Published on January 5th, 2018 | by The GC Team0
December discounting drives down shop prices
According to the BRC-Nielsen Shop Price Index, shop prices fell further into deflation in December, with non-food prices falling at their fastest rate since the beginning of the year – 2.1% down year-on-year compared to a 1.1% drop in November.
While the overall price decline in December was 0.6% compared to last year, food prices were actually up by 1.8% in December, and it was non-food that drove deflation as retailers went for heavy pre-Christmas discounting to stimulate sales.
Helen Dickinson OBE, Chief Executive, British Retail Consortium (pictured), commented: “After several months of shop prices teetering on the edge of inflation, December saw them retreat deeper into deflationary territory. Prices in December fell at the fastest rate since March this year when only last month we saw the shallowest rate of deflation for four years.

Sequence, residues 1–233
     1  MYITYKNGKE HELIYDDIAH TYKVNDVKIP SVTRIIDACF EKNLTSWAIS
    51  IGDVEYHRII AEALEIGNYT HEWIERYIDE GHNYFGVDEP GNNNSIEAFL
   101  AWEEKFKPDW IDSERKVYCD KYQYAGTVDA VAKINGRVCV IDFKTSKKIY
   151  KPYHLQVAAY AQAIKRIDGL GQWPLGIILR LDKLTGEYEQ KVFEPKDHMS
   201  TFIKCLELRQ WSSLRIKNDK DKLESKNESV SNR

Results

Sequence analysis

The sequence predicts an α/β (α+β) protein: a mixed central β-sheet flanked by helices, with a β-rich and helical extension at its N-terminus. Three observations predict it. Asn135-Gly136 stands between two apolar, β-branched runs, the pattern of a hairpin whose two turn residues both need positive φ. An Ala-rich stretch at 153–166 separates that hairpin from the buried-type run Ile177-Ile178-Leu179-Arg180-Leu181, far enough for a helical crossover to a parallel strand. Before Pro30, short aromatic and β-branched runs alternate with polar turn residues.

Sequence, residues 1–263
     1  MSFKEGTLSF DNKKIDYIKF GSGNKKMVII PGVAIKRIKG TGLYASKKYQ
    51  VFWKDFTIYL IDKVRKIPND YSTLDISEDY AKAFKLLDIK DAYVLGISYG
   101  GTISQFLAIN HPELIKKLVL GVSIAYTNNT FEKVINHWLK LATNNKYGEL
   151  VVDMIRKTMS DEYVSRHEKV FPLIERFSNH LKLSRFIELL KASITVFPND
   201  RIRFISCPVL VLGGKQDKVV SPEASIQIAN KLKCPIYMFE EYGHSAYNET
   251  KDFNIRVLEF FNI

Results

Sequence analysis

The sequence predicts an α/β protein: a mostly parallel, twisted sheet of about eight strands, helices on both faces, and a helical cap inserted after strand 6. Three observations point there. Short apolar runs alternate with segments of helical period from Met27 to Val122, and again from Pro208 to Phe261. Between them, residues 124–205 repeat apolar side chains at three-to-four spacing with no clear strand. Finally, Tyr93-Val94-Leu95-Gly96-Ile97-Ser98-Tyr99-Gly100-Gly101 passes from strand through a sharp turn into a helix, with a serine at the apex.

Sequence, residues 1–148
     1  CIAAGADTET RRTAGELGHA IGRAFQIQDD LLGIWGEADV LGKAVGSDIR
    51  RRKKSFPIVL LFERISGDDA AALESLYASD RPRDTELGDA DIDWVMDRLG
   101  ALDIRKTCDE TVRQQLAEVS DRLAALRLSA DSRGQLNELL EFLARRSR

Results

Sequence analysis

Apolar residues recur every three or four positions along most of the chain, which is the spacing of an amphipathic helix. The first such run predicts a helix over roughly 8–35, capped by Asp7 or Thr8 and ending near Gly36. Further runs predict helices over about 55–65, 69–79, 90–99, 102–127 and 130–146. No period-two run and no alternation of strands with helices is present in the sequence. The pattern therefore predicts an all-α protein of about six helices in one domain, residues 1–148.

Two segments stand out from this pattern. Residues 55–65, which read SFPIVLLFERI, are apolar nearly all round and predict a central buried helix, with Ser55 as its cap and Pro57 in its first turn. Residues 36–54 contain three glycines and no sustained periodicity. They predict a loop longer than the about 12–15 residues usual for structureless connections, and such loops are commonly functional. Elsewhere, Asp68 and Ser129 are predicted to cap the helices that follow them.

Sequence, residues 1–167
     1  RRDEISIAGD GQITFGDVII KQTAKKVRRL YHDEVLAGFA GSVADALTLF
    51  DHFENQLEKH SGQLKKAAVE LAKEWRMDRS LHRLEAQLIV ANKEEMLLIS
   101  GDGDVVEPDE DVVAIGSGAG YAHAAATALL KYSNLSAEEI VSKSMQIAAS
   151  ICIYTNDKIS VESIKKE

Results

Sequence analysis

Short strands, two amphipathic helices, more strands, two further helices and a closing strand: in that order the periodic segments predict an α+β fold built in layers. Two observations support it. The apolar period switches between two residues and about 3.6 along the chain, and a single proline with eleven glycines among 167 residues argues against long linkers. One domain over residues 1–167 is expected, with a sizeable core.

“Retailers offered lower prices at the beginning of December than last year on many of their non-food ranges, providing welcome options for Christmas shoppers on a stretched budget. These discounts allowed consumers some much needed breathing room during the festive period at a time when the cost of their food shop is on the rise.”
Mike Watkins, Head of Retailer and Business Insight, Nielsen, added: “The SPI inflation rate is below other inflationary measures, showing there is little inflationary pressure coming from retailers. With consumer confidence wavering and unpredictable levels of demand, many non-food retailers have been keeping prices low to stimulate spending, which will undoubtedly have come at a cost to margins.”